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German yields dip after lower-than-expected U.S. CPI

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Sept 14 (Reuters) - Benchmark German 10-year yields fell from two-month highs on Tuesday after U.S. inflation cooled off more than expected, while Italy's risk premium fell to a one-month low after a well-received debt auction.

The data showed the rise in U.S. consumer prices slowed to 0.3% in August from 0.5% in July, below the 0.4% a Reuters poll had expected.

The data was in focus ahead of next week's U.S. Federal Reserve meeting and crucial to euro zone bond investors as yields in the euro zone track U.S. Treasuries closely.

"It's a fairly positive report in the sense that the Fed's wish that inflation is transitory is coming true. If you look at a lot of the areas that were leading the surge in inflation, now they are all starting to come back down to earth," said Larry Adam, chief investment officer at Raymond James.

"It continues to give the Fed maximum flexibility. Our base case expectation is that they are going to discuss (tapering) at the meeting next week but they won't have an official announcement till the November meeting."

Germany's 10-year yield was down less than a basis point at -0.33% by 1348 GMT, reversing an earlier rise as it tracked U.S. Treasury yields lower following the data.

Earlier, under pressure from a flurry of debt sales, it had risen to two-month high at -0.301%, while the yield curve between two and 10-year yields had briefly widened to 39.5 bps, the widest since early July.

The European Union received more than 85 billion euros of investor demand for a new, syndicated seven-year bond to back its coronavirus recovery fund, according to a lead manager memo seen by Reuters, in its first market debt sale since the summer break.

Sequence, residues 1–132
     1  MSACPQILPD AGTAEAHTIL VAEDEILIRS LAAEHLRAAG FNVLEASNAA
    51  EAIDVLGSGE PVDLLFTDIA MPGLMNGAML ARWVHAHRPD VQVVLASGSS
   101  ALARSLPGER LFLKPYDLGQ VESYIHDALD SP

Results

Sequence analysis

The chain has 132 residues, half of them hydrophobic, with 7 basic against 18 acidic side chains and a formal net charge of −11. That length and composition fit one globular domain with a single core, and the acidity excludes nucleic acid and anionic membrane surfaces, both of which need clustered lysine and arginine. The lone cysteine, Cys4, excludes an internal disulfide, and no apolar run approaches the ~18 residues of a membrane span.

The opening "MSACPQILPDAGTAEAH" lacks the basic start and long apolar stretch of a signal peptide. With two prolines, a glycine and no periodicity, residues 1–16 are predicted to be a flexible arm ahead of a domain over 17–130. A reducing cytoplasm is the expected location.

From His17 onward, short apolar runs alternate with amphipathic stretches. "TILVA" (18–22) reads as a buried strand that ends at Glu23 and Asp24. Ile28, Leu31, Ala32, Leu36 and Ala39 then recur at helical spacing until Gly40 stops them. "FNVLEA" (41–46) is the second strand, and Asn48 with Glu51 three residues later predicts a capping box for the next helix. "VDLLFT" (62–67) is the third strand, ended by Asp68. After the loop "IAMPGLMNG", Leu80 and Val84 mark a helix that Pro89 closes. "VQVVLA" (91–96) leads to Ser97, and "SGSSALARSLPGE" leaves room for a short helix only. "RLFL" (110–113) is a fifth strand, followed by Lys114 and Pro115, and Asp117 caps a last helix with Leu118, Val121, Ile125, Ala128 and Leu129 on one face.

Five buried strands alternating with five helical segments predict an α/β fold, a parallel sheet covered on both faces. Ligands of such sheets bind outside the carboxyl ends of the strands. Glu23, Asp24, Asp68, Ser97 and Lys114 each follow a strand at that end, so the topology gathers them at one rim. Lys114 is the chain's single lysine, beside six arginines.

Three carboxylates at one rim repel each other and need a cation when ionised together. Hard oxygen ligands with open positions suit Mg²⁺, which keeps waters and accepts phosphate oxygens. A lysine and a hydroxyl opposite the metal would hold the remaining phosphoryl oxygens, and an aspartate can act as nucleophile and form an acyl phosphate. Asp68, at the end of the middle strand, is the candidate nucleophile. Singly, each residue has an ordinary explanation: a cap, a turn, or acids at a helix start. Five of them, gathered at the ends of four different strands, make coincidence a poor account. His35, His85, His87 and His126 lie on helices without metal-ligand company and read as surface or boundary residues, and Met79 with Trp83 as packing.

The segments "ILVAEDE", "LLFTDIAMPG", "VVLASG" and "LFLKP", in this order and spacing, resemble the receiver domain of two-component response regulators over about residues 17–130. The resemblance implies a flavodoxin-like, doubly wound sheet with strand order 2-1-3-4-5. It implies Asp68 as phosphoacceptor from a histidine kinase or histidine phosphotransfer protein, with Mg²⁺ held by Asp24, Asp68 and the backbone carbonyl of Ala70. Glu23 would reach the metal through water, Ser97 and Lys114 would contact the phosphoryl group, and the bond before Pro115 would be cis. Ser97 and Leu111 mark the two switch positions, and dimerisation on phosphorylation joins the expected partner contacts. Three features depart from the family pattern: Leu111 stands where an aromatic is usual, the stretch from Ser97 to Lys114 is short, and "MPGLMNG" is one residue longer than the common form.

Germany raised 3.908 billion from the re-opening of a two-year bond. The 4.804 billion euros of total demand fell short of its 5 billion euro target in what analysts called a "technical failure". The last four two-year German bond re-openings have all failed, according to Refinitiv IFR.

In contrast, Italy raised 5.75 billion euros from the re-opening of three, seven and 30-year bonds to high demand, paying the lowest yields since February, March and January on the respective bonds.

The Netherlands raised 1.98 billion euros from the re-opening of a bond due 2052.

Italian bonds outperformed after the country's auction closed with the 10-year yield down nearly 3 bps to 0.66%, pushing the closely watched gap between 10-year Italian and German yields to 98 bps, the narrowest since mid-August.

The Italian auction result "highlights the fact that the ECB was successful in delivering a dovish-taper and that government bonds with a high beta are poised to gain the most," said Althea Spinozzi, fixed income strategist at Saxo Bank.

The European Central Bank slightly slowed the pace of its pandemic emergency bond purchases last Thursday, but calmed fears around a potentially more hawkish move.

$1 = 0.8469 euros Reporting by Yoruk Bahceli, Editing by Philippa Fletcher, Mark Potter and Alex Richardson

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